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The role of riparian vegetation type in stream water quality conditions
Proceedings of the 2019 Mississippi Water Resources Conference
Year: 2019 Authors: Musser S., Grafe J., Ortega-Achury S., Ramirez-Avila J.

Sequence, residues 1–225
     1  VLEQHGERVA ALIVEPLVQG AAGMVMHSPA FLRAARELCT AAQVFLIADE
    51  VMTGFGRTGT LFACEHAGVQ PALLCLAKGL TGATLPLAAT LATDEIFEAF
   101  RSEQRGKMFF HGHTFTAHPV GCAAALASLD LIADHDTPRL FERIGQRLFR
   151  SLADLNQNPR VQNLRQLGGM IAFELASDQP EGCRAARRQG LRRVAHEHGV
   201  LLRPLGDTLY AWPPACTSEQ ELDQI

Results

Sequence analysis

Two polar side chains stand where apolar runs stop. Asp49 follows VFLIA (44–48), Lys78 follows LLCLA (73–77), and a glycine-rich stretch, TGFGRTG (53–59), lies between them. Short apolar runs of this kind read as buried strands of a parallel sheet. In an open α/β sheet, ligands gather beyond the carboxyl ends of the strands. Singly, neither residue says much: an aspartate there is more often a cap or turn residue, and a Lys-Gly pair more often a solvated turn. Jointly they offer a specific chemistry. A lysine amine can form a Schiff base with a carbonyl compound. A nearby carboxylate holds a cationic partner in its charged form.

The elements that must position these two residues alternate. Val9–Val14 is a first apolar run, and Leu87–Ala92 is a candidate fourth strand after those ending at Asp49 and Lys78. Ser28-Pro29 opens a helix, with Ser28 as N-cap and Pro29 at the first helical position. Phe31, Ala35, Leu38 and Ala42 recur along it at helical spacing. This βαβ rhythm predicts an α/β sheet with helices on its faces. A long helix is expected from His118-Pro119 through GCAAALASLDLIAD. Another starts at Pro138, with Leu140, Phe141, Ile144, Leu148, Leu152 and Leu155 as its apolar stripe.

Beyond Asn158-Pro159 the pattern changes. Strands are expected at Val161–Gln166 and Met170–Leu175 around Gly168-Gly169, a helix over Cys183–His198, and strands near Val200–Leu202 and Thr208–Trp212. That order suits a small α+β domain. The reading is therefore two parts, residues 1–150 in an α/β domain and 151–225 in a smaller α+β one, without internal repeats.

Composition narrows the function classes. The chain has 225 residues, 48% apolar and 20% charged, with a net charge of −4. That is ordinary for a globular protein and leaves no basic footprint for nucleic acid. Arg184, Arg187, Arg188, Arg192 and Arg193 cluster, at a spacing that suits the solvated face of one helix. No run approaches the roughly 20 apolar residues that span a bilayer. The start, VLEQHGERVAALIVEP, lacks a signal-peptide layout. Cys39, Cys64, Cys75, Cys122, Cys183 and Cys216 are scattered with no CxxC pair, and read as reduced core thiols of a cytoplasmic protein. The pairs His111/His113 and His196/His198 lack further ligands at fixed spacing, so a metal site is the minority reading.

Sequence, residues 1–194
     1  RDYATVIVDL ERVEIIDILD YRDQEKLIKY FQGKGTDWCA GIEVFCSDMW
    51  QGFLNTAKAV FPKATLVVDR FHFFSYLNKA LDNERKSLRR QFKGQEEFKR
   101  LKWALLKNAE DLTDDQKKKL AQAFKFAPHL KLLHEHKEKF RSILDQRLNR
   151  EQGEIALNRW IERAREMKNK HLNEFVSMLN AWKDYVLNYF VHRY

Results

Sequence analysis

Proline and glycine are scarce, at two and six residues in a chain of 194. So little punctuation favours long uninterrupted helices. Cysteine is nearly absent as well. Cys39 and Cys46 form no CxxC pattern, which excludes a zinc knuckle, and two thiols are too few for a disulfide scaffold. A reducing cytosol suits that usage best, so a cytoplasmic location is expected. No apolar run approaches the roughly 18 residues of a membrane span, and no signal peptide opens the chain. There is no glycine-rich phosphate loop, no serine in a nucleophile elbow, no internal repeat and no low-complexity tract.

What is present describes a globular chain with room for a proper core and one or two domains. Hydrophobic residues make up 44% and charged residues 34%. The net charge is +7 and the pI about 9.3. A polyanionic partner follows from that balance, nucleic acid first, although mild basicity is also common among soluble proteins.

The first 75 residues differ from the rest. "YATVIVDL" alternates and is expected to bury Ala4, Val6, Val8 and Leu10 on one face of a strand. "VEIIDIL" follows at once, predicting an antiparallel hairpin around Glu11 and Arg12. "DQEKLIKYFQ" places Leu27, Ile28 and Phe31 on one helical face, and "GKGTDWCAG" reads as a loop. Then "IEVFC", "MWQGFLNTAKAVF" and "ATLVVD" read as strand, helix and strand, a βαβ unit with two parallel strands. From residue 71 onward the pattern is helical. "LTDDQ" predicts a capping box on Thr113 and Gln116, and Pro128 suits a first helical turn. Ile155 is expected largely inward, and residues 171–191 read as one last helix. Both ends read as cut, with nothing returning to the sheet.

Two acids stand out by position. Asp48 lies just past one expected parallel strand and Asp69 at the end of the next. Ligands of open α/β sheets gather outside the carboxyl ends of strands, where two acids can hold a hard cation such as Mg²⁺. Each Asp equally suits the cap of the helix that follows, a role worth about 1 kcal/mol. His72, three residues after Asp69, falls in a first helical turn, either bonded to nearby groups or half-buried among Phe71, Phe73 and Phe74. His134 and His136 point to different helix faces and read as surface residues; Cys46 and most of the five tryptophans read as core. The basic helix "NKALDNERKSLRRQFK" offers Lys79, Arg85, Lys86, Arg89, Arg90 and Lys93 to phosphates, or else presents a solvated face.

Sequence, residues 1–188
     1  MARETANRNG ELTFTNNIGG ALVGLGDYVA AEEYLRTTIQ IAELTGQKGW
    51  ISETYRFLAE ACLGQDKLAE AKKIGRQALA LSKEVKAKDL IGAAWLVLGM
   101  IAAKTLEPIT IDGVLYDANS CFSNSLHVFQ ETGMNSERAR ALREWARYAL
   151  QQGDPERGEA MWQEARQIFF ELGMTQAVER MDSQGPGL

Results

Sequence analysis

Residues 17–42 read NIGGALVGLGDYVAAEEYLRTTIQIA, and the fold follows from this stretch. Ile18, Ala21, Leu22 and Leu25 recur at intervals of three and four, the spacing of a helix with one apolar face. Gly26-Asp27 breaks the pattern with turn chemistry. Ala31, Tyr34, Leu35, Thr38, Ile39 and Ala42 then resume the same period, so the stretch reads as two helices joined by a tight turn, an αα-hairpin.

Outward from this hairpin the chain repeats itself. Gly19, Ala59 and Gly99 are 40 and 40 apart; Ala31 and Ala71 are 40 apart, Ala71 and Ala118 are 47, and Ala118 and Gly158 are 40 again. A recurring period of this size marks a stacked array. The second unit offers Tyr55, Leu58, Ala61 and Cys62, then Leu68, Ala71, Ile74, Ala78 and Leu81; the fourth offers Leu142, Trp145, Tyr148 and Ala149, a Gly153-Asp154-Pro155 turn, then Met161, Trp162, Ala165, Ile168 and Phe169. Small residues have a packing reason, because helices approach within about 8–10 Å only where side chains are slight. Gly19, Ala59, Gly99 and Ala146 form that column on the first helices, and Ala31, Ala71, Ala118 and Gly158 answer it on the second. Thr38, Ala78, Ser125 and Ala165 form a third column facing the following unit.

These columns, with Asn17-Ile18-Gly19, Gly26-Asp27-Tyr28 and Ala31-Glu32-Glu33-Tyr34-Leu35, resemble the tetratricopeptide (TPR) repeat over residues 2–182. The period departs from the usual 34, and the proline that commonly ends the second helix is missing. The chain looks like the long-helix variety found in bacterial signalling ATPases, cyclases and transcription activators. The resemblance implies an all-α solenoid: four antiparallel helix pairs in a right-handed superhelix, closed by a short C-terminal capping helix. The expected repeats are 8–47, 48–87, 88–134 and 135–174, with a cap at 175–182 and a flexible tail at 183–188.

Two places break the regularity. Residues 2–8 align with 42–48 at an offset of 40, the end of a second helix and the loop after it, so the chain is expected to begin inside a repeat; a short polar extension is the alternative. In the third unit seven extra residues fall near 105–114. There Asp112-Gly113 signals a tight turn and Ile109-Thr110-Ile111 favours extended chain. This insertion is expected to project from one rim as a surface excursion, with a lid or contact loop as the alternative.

Stream health can be significantly affected by the type and characteristics of riparian zones along stream corridors. Research is focused on the identification and assessment of habitat, water quality, and flood hazard processes along the main channel and tributaries of Catalpa Creek. Research results would be used to support the implementation of the management plan for this watershed. A study is in progress to compare forested and grassed riparian zones on tributaries within the Catalpa Creek Watershed, in order to better understand their effects on stream water quality and health. Water quality is monitored weekly for parameters such as temperature, dissolved oxygen, pH, and turbidity. Grab samples are also collected and tested for quantification of total suspended solids and nutrients. Temporal and spatial differences in water quality, including changes in temperature, dissolved oxygen levels, and suspended solids will be assessed to determine how they are affected by seasonal changes (i.e. fall and winter) and the riparian zone characteristics (i.e. forested and grassed). Preliminary results indicate poorer stream health in grassed regions than forested regions. Overall, results would strengthen the case for properly maintaining and improving forested riparian zones to provide benefits in water quality and stream health in the Catalpa Creek.